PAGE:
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The "Wikipedia" logo is seen on a tablet screen on Dec. 4, 2012 in Paris.  Lionel Bonaventure—AFP/Getty Images

Don't Trust Wikipedia When It Comes to Your Health, Study Says

May 27, 2014
TIME Health
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A new study has found that Wikipedia entries on the costliest medical conditions contradicted the latest medical research 90% of the time.

A team of U.S. scientists said they found "many errors" in Wikipedia articles concerning the 10 costliest medical conditions. The researchers cross-checked Wikipedia entries on coronary disease, lung cancer, hypertension and back pain, among other ailments, against the latest research from peer-reviewed journals.

Nine out of 10 entries analyzed on the crowd-sourced encyclopedia contained assertions that were contradicted by the peer-reviewed sources. Only the entry on concussions escaped the review error free. The authors noted that the article appeared to have contributors with a greater degree of expertise, mimicking the peer-reviewed process.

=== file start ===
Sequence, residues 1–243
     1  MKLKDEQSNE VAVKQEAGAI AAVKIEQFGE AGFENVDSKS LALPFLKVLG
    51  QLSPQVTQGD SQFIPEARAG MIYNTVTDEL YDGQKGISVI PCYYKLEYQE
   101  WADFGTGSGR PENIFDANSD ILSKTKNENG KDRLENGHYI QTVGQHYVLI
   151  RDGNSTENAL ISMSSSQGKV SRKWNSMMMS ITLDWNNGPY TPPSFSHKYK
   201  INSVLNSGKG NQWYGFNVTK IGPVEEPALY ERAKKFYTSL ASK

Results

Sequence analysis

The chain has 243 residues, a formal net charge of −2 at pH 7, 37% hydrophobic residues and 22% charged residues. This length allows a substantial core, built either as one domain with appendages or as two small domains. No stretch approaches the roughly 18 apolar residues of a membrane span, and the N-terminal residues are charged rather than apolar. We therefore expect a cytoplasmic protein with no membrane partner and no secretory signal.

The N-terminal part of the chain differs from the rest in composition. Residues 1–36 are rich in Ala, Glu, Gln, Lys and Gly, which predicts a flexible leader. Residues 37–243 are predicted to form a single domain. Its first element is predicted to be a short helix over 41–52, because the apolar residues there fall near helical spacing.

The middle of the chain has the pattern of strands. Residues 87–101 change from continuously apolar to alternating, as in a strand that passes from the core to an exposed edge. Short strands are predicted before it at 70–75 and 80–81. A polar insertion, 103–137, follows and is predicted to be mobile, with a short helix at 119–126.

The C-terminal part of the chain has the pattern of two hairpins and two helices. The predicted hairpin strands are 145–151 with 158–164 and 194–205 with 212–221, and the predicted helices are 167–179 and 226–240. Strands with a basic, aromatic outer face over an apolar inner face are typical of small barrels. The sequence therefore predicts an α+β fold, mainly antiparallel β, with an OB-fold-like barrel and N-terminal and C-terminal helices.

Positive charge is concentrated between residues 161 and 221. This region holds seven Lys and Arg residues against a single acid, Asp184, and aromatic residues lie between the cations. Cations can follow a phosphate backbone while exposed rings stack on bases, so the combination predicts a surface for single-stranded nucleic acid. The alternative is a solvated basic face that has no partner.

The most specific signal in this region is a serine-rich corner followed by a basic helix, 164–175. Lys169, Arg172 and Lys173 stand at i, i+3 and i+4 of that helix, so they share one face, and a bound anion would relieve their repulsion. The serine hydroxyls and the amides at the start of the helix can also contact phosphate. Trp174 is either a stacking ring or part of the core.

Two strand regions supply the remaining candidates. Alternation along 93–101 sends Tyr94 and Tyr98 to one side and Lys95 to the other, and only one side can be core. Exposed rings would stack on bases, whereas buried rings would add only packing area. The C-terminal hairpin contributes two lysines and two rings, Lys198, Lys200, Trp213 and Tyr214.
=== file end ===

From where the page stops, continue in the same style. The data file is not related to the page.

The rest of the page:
"Health care professionals, trainees, and patients should use caution when using Wikipedia to answer questions regarding patient care," wrote the study's authors in the Journal of the American Osteopathic Association.

The authors laid particular stress on medical professionals; a recent study found that 50 percent of physicians admitted using Wikipedia as a reference source.

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